Medical marijuana in Rhode Island

A very nice story about the working medical marijuana program in Rhode Island: For more than 300 Rhode Islanders, marijuana provides legal relief
The article references our friend Tom Angell:

O‰Donnell, now 44, was a dynamo in a wheelchair, lobbying at the State House for marijuana to be made legal for the chronically ill in Rhode Island. Her son Tom Angell had brainstormed the idea with a friend in his dorm room at the University of Rhode Island. Angell, who was president of Students for a Sensible Drug Policy at the time, had heard a speaker hosted by the group whose wife used marijuana to relieve her pain. He thought about his mother.

Tom — don’t you know that kids in dorm rooms are supposed to be smoking pot — not plotting to overthrow the government and help sick people?
Another interesting moment in the article is this DEA comment:

Anthony Pettigrew, agent for the New England field office of the DEA, said that while marijuana possession is against federal law, ‹the DEA never targets the sick and dying.Š The agency is more interested in organized drug traffickers, Pettigrew said. ‹I‰ve been here for 22 years,Š he said, and ‹realistically, I‰ve never seen anyone go to federal jail for possessing a joint.Š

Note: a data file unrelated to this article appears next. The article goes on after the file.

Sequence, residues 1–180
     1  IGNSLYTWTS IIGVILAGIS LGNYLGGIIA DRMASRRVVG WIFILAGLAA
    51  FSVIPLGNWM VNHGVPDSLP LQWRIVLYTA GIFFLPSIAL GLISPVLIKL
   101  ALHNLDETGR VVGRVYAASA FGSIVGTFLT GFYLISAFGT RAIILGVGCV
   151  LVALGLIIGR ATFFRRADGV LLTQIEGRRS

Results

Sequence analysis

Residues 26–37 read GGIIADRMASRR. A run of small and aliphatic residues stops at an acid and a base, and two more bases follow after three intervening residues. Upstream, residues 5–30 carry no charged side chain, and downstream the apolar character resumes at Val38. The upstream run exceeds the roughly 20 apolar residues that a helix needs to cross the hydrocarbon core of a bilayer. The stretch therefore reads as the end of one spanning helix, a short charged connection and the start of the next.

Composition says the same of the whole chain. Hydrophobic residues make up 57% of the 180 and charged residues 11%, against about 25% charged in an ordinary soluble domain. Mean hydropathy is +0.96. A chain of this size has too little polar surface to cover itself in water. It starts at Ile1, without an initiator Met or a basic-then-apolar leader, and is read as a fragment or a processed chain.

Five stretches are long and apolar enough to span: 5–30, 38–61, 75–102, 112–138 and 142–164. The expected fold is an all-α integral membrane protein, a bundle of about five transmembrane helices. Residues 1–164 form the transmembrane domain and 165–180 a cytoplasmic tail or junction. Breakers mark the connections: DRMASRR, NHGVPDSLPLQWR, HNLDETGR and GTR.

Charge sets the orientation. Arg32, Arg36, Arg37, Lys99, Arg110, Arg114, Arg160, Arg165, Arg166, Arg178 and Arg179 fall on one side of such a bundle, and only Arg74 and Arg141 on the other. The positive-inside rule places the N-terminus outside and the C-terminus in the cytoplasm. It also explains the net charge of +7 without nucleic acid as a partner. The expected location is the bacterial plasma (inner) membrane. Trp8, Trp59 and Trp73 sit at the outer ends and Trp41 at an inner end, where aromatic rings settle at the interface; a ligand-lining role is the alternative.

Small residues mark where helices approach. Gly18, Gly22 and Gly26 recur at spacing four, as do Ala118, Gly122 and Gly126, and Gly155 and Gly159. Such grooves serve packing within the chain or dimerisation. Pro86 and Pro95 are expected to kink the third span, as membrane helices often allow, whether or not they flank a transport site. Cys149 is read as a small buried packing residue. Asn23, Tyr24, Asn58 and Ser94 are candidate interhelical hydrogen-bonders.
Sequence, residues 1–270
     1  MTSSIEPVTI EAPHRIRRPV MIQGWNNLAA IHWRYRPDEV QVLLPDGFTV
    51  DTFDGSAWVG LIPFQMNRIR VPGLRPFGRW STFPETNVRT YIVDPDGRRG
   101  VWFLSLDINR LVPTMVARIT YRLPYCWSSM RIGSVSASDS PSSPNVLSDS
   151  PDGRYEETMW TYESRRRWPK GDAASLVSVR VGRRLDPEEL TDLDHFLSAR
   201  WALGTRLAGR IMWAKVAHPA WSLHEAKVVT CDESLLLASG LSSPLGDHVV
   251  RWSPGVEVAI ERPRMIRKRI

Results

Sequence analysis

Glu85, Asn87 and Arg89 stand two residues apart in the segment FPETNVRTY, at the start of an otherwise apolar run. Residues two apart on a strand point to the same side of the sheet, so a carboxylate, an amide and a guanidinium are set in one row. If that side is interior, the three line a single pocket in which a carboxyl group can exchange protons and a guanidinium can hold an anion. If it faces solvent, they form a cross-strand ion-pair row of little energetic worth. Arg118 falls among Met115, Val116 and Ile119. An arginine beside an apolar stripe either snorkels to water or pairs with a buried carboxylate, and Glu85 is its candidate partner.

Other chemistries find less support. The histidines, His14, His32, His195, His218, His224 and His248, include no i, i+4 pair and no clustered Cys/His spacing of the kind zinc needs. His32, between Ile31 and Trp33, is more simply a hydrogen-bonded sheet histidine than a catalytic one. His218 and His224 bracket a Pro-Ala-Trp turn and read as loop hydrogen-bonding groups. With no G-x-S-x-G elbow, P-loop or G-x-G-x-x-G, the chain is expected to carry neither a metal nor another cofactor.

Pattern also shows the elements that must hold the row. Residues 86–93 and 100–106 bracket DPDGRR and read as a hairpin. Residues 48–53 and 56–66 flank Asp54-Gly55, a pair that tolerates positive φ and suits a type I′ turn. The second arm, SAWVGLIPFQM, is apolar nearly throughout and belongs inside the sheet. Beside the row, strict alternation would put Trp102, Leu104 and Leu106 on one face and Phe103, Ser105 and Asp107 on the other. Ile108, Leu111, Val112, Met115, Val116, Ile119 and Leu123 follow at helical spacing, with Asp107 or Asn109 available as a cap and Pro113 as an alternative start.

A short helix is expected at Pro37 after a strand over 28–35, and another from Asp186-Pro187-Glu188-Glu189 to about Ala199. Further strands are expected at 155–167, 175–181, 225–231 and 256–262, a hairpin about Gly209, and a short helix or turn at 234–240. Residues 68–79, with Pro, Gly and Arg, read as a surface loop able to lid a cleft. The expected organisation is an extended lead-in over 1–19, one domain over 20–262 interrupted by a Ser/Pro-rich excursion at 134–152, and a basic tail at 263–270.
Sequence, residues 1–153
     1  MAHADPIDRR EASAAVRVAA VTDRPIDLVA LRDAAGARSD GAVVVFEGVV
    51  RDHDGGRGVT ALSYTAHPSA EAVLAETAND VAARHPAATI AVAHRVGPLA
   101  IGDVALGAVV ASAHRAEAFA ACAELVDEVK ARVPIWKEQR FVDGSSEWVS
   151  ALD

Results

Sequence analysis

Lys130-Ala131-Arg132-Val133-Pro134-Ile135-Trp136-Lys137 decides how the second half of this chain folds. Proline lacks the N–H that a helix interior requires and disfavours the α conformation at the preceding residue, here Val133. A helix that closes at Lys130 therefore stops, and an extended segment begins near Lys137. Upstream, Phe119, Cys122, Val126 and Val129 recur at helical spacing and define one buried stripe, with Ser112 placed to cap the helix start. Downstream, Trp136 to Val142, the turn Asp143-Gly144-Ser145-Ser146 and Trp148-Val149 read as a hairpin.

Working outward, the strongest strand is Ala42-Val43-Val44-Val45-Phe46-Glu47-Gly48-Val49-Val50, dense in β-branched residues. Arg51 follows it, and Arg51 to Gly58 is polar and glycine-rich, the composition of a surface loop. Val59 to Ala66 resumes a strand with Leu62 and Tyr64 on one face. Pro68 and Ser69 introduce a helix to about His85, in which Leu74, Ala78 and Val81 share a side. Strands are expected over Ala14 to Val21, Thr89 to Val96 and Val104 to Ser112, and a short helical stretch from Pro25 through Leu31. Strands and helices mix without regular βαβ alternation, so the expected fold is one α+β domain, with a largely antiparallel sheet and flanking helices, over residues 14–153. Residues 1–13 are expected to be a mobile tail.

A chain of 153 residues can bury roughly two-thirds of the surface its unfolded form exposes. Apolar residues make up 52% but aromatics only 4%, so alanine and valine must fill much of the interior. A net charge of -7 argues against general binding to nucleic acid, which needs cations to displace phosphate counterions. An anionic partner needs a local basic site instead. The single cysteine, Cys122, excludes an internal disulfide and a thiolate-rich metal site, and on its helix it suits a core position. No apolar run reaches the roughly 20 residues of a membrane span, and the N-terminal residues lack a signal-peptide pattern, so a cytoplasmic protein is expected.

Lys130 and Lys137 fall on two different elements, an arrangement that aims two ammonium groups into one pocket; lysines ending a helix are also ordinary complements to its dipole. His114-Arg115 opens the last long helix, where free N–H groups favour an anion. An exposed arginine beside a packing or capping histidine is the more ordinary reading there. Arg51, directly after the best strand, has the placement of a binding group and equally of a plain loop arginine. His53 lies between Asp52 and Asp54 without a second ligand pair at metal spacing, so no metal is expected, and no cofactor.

Scott Morgan notes:

If DEA won’t arrest patients and state police can’t arrest patients, then medical marijuana laws work very well. […]
It doesn’t matter whether DEA’s policy of not arresting patients is motivated by compassion, political sensibilities, funding constraints, or some combination thereof. The fact of the matter is that state laws are effective at protecting medical marijuana users from prosecution, which is their intended purpose.

And that’s true, with one caveat. The trick is, of course, that possessing one joint doesn’t solve the supply problem, and the point at which the amount you’re needing to grow or buy or have grown for you reaches the level of drug trafficking may be (and is) defined differently by patients, state laws, and the DEA — problem that could be easily solved by simply allowing marijuana to be regulated.

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